Cancer and the immune system

Immunotherapy is emerging as the core medical platform for the treatment of cancer over the next decade.  The key focus of immuno-oncology has been to supercharge a patient’s immune system so it is better able to eliminate cancer.

The Cancer Research Institute in the USA (CRI) has nominated immunotherapy as “the greatest advance in cancer treatment since the development of the first chemotherapies in the late 1940s.”  Breakthrough technology based on decades of rigorous research now means that the immune system killer cells can be supercharged and engineered to strategically “seek and destroy” cancer cells.

Cartherics proposes to “super charge” the immune system by engineering cancer finding Ab genes into the killer T cells – combining the best components of immune defences. These are called Chimeric Antigen Receptor T (CAR-T) cells.The immune system has evolved to protect the body from invading germs by identifying these foreign bodies through “non‐self” molecules (antigens).

  • Foreign antigens stimulate the immune system to reject them. Normal molecules in your own body are recognized as “self” and are not rejected. This is called “self tolerance”.
  • Occasionally mistakes happen and the body rejects “self”; this is called autoimmunity.
  • The most important component of the immune system is T cells. They develop in the thymus and migrate to the blood stream. Without T cells you die of infection. T cells also constantly survey the body for any abnormal cells and are thus an important natural defence against cancer.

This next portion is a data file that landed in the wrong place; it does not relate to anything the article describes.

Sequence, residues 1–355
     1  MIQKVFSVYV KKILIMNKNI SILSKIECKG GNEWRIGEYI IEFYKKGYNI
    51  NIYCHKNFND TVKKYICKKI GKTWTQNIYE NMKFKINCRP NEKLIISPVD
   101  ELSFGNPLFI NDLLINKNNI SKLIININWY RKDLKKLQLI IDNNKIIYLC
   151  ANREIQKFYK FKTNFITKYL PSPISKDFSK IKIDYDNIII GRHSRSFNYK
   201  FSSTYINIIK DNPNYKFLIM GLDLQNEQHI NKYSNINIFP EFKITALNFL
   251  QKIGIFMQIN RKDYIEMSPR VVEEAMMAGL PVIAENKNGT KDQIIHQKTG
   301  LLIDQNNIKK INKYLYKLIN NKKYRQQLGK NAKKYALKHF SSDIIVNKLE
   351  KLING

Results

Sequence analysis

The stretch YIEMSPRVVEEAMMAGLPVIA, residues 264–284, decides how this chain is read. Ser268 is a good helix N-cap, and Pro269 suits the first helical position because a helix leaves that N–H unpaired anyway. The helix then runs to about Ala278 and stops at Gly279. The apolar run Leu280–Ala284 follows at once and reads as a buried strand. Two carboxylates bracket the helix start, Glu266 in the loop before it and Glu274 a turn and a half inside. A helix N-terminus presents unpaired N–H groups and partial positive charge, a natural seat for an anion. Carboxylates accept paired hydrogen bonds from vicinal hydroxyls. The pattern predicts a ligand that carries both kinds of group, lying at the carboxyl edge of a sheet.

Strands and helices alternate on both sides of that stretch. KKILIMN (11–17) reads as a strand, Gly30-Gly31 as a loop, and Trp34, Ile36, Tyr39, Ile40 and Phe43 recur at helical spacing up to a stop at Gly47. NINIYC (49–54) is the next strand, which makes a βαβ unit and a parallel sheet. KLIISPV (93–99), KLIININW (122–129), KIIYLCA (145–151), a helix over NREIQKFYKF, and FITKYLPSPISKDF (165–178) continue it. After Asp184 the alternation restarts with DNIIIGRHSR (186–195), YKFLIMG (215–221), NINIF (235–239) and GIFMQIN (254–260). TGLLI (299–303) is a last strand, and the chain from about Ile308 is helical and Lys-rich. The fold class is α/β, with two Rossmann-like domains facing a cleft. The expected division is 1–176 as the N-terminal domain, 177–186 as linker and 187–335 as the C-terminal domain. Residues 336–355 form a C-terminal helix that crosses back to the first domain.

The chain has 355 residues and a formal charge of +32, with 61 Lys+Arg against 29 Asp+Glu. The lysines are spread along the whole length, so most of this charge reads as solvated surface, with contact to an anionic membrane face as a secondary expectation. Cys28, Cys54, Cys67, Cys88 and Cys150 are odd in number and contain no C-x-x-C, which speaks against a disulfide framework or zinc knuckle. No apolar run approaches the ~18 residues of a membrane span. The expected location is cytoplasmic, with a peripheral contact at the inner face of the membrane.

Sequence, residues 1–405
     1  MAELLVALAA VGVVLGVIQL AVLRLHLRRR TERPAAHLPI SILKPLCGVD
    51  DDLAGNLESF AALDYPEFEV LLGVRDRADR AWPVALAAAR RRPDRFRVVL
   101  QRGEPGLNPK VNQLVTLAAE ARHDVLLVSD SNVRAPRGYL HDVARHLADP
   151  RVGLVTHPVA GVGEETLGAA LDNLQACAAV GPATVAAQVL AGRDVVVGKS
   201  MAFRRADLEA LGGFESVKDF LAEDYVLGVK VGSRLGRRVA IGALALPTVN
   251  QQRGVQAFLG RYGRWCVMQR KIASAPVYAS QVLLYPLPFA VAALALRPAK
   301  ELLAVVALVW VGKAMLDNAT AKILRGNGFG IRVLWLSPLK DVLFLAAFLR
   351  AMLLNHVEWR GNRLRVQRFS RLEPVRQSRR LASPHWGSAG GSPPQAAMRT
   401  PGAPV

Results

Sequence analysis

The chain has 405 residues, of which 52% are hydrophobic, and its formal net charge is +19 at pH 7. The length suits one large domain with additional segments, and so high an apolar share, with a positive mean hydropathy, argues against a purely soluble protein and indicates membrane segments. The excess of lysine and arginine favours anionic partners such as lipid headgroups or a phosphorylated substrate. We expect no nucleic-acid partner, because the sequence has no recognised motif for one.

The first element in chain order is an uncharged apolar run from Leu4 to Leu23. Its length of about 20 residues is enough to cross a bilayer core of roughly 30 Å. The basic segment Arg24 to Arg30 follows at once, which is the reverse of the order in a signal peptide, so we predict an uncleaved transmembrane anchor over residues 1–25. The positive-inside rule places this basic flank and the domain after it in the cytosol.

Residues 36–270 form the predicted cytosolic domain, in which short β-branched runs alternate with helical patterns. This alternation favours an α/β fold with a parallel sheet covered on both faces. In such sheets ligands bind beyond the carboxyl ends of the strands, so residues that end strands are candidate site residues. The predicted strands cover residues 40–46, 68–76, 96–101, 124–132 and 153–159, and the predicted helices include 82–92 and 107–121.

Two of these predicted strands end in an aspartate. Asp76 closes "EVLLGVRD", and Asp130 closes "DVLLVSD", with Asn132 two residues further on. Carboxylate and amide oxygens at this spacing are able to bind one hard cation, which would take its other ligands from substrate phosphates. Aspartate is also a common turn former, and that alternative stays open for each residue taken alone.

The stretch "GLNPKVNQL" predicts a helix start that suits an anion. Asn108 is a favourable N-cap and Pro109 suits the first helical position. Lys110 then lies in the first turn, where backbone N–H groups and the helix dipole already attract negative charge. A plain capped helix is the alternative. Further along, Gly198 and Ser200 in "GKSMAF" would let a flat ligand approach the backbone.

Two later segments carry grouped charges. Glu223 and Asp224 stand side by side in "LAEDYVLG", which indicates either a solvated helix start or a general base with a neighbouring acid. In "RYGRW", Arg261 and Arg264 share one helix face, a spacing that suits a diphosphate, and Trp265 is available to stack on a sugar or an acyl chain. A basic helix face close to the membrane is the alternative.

• T cells either directly kill infected, abnormal or foreign cells or instruct other cells (B lymphocytes) to make soluble antibodies (Abs) to identify and bind to the offending molecules (antigens).
  • T cells are extremely important but can only recognize protein antigens; Abs can recognise any form of antigens such as sugars, carbohydrates, lipids, glycoproteins.
  • Cancer cells employ a number of mechanisms to escape immune detection and attack. Cancer cells thrive in part because they are either (i) too close to being “self” and are not recognized as foreign, (ii) overwhelm the cancer specific immune system or (iii) trick the immune system into treating them as self, even though they express abnormal antigens. Thus a form of immune tolerance to the cancer occurs. Overcoming these deficiencies is an important aspect of most immuno‐oncology‐based therapeutics because it enables the immune system to recognize and treat tumours as non‐self and leads to tumour destruction, ideally without attacking normal cells.
  • Additionally, cancer cells can suppress the immune response by production of regulatory T cells that block cytotoxic T cells that would normally attack the cancer.
  • T cells are very good at killing cancer cells but are often poor at finding them because there maybe no “foreign” proteins expressed. Antibodies (Abs) are very good at finding cancers because they can bind to many types of abnormal molecules, but most have very limited killing ability.